I don’t think much about Facebook. I just have fun with it.
My friendz* on the site range from people I know extremely well to people I’ve never met — 302 in all, built up over 4 years.
I don’t take Facebook seriously — ever. And that’s part of its charm: There’s no pressure to be “on.” In my spoof of the “25 Things” meme I said: “I’m a Facebook whore who accepts friend invitations from almost anyone. In the end, it really doesn’t matter much, because we’re just pretending to be friends.”
Turns out, that’s not really true. Most of my 302 friendz are folks I met while passing through life, and I know most of them reasonably well. But I certainly haven’t met them all.
Contrast this to a GenY view of Facebook:
“There’s the difference between your generation and mine,” my 23-year-old son told me. “I use Facebook to track personal contacts, and to stay in touch with them.” Chris says he’s met face to face every one of his 735 Facebook friendz, and he plans to keep it that way. “That’s why they call it Facebook.” Chris sees it as a “personal” space that shouldn’t be co-mingled with one’s professional life — or one’s Twitter stream.
For his “GenY” view, check out his post titled, “Are we friends on Facebook yet?” (That title spoofs a line often seen on Twitter.)
How do I use Facebook? I just react to what pops up.
But I do have one ground rule: Never reach out to friend a student. When you hold a position of authority over someone — as I do with students — it’s important to keep some distance. Also, consider that 90% of PR majors are young, single women, and I’m an old married guy. Friend requests from geezers — especially teacher geezers — can be creepy. And do you really want do be accepted with only a “limited profile view”? Ouch!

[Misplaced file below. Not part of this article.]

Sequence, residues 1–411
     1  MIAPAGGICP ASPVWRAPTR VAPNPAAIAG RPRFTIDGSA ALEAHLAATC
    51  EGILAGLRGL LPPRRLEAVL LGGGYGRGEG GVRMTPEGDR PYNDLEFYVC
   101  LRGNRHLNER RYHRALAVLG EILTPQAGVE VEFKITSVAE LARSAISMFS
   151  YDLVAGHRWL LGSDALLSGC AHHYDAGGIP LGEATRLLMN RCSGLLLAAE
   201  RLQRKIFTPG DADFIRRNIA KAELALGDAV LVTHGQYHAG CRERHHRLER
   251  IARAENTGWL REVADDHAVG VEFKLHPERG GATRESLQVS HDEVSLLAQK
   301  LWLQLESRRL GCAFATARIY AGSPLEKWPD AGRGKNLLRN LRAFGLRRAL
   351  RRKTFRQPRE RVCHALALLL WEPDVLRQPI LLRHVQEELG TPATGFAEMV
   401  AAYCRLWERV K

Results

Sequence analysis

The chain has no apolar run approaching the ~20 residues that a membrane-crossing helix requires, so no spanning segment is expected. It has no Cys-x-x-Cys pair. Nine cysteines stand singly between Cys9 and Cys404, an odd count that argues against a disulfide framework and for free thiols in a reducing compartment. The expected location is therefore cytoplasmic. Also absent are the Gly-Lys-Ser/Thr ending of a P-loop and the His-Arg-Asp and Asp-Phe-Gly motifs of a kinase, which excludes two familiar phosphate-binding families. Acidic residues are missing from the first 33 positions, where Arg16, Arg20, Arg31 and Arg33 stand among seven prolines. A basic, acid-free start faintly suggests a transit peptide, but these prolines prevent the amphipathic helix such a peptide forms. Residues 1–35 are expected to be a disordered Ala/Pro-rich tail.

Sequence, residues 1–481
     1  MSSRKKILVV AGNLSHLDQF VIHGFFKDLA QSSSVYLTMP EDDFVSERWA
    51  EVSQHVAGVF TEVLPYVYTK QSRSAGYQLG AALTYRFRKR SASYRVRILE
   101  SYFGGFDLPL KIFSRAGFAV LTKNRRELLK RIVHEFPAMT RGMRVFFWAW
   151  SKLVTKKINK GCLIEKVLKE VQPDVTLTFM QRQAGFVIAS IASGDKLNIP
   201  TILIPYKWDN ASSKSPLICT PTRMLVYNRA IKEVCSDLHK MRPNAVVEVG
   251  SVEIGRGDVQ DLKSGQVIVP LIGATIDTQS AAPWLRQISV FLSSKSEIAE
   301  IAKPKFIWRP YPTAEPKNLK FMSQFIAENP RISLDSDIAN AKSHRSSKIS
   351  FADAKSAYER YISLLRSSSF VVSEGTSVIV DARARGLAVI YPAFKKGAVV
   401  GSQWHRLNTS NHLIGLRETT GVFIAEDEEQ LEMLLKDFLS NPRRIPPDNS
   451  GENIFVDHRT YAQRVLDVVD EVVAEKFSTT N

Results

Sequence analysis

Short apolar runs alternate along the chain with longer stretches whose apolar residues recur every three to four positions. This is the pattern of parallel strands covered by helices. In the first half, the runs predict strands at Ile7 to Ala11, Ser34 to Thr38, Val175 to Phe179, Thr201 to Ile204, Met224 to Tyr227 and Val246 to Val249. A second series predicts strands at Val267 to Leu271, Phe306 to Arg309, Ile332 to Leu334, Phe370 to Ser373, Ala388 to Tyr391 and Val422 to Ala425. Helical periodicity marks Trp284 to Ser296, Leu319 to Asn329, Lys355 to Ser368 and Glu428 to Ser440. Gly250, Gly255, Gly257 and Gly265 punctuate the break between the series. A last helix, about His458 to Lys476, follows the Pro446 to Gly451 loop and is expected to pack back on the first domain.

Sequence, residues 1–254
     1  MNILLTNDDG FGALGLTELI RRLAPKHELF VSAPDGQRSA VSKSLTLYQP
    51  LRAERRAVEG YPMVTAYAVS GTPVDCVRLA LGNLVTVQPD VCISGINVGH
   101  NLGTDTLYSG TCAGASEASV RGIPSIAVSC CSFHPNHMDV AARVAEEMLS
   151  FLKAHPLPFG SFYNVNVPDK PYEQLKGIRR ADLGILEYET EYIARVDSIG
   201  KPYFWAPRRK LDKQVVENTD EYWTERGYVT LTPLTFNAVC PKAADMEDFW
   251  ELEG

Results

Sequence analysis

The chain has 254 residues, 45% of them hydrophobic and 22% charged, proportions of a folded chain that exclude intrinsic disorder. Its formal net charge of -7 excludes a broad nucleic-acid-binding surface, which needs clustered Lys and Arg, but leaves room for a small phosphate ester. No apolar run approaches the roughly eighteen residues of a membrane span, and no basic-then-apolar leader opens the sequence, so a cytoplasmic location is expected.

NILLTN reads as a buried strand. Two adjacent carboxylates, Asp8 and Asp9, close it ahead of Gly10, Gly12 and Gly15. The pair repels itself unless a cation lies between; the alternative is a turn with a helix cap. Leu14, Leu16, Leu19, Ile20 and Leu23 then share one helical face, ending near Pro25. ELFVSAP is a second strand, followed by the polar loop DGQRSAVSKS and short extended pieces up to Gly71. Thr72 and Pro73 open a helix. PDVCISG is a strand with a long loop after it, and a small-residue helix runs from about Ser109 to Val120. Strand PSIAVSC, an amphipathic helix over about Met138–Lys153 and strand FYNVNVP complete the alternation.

Bosses and supervisors should follow the same rule.
Now, if a student sends a request my way, I accept EVERY time. I get quite a few of those, but I advise students to avoid friending their professors. You see, we spend I good bit of time on Facebook trying to learn what makes you tick. We read the wall posts and we look at the pictures.
Do you really want that burden?
As it turns out, the acorn doesn’t fall far from the tree. My use of Facebook is not that different from my GenY son. Here’s a quick content analysis of my 302 Facebook relationships.
I’m not sure what any of this means. But I do know that more and more in the 40+ group are flocking to Facebook, and many are using it as a business networking tool.
Others are using it to connect with long, lost friends. And at my age, you tend to have a few of those. Gotta say, I love getting friend requests from the “kids” in my class at IAHS. I still miss you guys. No s#@*. Those were some good times.
So have fun with Facebook. Just don’t overthink it.
* I was introduced to the term “friendz” by Brian Connolly, one of the creators of the Strumpette blog. Since he was among the first people I know to question the authenticity of online “relationships.” he earns this footnote.